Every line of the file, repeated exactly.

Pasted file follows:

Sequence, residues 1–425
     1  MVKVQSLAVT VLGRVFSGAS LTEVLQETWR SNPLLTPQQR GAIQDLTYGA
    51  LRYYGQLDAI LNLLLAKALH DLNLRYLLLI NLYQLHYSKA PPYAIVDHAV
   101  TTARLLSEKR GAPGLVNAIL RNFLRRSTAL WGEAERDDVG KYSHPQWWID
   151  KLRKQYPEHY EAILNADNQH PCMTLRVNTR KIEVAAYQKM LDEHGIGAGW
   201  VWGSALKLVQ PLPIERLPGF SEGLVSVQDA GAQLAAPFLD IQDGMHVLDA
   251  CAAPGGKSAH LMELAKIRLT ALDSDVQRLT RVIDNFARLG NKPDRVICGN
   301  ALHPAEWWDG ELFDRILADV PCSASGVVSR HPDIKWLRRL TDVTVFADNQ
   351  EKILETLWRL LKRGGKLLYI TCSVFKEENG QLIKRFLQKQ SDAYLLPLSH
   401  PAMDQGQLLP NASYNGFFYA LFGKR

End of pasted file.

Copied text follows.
Sequence, residues 1–425
     1  MVKVQSLAVT VLGRVFSGAS LTEVLQETWR SNPLLTPQQR GAIQDLTYGA
    51  LRYYGQLDAI LNLLLAKALH DLNLRYLLLI NLYQLHYSKA PPYAIVDHAV
   101  TTARLLSEKR GAPGLVNAIL RNFLRRSTAL WGEAERDDVG KYSHPQWWID
   151  KLRKQYPEHY EAILNADNQH PCMTLRVNTR KIEVAAYQKM LDEHGIGAGW
   201  VWGSALKLVQ PLPIERLPGF SEGLVSVQDA GAQLAAPFLD IQDGMHVLDA
   251  CAAPGGKSAH LMELAKIRLT ALDSDVQRLT RVIDNFARLG NKPDRVICGN
   301  ALHPAEWWDG ELFDRILADV PCSASGVVSR HPDIKWLRRL TDVTVFADNQ
   351  EKILETLWRL LKRGGKLLYI TCSVFKEENG QLIKRFLQKQ SDAYLLPLSH
   401  PAMDQGQLLP NASYNGFFYA LFGKR